Joan of Arc (b. 1412), godsend to the French army; Tomoe Gozen (b. ~1157), brilliant horse rider and expert of the sword and bow; Mariam Al-Mansouri (b.1979), UAE fighter jet pilot and leader of a 2014 mission against ISIS. What do they have in common? They are inspiring female military leaders.
The question: “Is it a good thing for our sisters and mothers to serve NS?” raises perplexingly more difficult questions, even as Norway joins Israel in mandating female conscription. Since we know it is possible for women to excel in the military, should NS be expanded to women as well?
Solution to military sexism?
The SAF – with only 7% female regulars and anecdotally-known to harbour sexism – could benefit from more women in uniform. Try raising this subject online though – along with reasoned responses, be prepared to see words like “pregnancy”, “gender role” and “stereotype” slung like grenades across the gender lines.
In 2013, lyrics from the army song “Purple Light” gained infamy as an example of sexism in the SAF. And mandatory conscription may remedy that. Both sexes working, training (and suffering) together can build co-gender camaraderie, as opposed to a cultural “boy’s club”. Mandatory army training would also expose more women to the option of a military career.
Lastly – and this is pretty cool – imagine if female NS makes us a nation of Imperator Furiosas.
OK, NS men are hardly all Mad Maxes but what if our female counterparts could benefit from the same resilience, leadership skills and teamwork guys gain through months of rough training? Goodbye delicate, hello bad-ass.
Equality for all?
The current 1.29 births per woman means the number of male recruits looks set to decline, leaving more military roles that need filling. As that happens, those who can serve should, and mandatory conscription would prepare women to do so.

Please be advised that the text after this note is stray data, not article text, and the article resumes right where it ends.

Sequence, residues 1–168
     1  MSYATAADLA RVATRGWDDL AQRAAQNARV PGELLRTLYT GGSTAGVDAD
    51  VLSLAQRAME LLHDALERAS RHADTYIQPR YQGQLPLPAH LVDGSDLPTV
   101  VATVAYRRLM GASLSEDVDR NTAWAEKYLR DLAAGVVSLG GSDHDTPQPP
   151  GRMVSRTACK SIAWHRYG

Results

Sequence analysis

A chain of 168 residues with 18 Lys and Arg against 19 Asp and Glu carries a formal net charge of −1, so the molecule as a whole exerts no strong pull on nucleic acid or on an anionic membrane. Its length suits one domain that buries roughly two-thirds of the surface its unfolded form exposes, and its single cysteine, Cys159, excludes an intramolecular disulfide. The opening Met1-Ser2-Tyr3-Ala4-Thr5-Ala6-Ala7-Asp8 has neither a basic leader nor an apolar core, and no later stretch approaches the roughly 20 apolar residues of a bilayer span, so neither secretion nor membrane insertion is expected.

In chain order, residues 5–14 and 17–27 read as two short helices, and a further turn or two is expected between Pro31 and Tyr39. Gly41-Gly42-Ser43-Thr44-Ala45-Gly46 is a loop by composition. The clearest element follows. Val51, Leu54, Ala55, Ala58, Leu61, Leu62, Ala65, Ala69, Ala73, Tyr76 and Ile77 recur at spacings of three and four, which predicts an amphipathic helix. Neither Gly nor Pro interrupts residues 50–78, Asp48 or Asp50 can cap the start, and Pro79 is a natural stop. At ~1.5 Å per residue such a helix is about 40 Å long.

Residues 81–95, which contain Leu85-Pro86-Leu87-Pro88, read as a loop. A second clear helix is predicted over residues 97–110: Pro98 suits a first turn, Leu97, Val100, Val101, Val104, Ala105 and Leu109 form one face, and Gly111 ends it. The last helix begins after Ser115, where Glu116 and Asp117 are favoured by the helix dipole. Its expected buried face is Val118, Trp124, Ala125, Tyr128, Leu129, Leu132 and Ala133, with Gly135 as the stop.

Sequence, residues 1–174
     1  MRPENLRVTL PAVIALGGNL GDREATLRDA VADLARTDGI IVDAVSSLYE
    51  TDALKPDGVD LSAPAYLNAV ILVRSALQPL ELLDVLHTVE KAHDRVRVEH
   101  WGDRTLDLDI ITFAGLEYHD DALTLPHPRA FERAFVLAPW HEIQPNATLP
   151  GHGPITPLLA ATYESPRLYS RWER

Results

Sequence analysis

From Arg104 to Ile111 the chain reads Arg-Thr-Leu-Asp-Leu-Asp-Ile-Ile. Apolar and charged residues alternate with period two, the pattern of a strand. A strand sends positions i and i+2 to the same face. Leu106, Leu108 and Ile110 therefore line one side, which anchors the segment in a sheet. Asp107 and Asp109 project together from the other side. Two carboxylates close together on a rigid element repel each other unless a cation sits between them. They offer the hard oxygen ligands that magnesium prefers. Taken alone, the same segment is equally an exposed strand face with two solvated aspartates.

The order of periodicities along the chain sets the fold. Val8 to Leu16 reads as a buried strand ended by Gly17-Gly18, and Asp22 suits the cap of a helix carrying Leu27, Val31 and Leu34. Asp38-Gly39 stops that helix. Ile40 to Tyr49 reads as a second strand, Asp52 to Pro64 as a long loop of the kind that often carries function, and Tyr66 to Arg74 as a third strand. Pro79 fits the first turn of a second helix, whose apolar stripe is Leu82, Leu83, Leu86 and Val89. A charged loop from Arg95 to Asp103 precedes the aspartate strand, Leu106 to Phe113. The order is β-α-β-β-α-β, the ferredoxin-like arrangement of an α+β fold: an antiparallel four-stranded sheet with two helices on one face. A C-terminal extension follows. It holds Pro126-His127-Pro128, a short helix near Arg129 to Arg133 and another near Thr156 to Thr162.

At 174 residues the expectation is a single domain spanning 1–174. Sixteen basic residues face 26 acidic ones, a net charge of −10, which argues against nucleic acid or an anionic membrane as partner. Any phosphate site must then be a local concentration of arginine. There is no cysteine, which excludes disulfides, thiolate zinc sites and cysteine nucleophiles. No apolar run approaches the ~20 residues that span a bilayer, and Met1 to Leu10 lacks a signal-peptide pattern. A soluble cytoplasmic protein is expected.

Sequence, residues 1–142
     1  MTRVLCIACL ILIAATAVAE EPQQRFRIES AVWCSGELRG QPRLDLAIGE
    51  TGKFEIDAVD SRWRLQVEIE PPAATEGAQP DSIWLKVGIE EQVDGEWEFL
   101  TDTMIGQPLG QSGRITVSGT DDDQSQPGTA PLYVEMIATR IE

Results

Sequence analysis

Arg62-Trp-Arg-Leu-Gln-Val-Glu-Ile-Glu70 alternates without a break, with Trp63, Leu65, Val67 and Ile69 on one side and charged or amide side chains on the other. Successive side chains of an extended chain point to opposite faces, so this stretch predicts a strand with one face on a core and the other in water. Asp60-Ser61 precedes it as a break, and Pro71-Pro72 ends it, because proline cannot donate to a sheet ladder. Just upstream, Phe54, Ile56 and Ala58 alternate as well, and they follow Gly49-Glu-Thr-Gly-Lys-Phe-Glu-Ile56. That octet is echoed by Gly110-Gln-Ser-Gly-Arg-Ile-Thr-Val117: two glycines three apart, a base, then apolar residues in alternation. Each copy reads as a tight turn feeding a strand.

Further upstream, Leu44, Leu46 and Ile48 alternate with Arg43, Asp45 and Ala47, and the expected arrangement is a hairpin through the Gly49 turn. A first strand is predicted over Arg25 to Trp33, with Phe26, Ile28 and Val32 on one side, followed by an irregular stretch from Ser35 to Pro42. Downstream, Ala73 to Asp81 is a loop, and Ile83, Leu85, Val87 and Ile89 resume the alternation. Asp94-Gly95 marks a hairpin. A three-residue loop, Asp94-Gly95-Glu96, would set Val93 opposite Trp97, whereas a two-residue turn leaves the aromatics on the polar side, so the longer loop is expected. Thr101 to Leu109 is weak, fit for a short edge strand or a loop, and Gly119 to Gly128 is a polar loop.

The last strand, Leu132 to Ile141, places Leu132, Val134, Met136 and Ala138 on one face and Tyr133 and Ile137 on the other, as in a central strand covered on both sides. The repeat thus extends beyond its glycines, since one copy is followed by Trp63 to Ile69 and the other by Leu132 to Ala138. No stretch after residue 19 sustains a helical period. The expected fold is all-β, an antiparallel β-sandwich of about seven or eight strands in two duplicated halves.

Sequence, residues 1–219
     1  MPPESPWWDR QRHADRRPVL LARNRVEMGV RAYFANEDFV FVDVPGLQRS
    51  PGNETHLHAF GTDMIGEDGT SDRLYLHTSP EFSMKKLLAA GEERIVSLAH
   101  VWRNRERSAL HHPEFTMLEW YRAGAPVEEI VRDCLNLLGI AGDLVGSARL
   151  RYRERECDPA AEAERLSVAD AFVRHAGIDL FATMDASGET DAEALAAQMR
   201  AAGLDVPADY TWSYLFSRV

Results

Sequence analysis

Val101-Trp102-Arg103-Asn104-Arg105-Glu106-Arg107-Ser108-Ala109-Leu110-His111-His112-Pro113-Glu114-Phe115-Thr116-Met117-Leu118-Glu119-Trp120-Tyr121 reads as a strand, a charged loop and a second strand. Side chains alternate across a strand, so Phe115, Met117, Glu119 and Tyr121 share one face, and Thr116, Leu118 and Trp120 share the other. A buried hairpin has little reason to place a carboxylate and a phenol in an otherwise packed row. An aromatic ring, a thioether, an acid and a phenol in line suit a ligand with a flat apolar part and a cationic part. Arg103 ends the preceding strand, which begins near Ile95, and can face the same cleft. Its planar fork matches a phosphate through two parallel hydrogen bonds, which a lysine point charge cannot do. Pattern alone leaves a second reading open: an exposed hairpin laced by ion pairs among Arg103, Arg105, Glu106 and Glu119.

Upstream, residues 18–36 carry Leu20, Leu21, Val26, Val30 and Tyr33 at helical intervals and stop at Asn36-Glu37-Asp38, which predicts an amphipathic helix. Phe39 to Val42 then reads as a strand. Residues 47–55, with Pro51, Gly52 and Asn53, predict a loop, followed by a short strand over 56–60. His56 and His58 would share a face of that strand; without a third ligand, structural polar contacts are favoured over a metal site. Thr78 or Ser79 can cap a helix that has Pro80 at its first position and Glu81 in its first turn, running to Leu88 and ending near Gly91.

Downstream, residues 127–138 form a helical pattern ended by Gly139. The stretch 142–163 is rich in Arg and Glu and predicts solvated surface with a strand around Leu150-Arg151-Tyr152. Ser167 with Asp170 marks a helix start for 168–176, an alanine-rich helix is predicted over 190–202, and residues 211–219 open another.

If women served in the military before starting a career, family planning could, and in many cases inevitably would be pushed back further. However, with moms who have served in the army, there is no doubt that their kids would be more prepared and (hopefully) resilient.
The economy would be affected too (and no, we don’t just mean giving more NS pay), since both sexes would be off work for periodical reservist. But for once, boys don’t have to enter the workforce later than their female counterparts – hopefully this means no complaints from NS men about ‘losing their time’.
Possible variations for NS
Before we go full steam ahead with enlisting women, perhaps recruitment can be done slowly. For instance, women can sign on as officers and specialists (SAF’s new volunteer corp saw its first cohort graduate in 2015). Qualified women could rise up and add their unique perspective to military policy and culture. In the meantime, more targeted recruitment drives and awareness programs could place the military option before more Singaporean women to bolster the intake of female regulars.
The army is hell for its gruelling training, without adding to it unhealthy biases that grow in the absence of diversity. While National Service for women could be a one-shot cure, its substantial price tag means we should count the cost carefully before taking the plunge.
Feature Image belongs to The Life of Female Field Intelligence Combat Soldiers
By Vincent Tan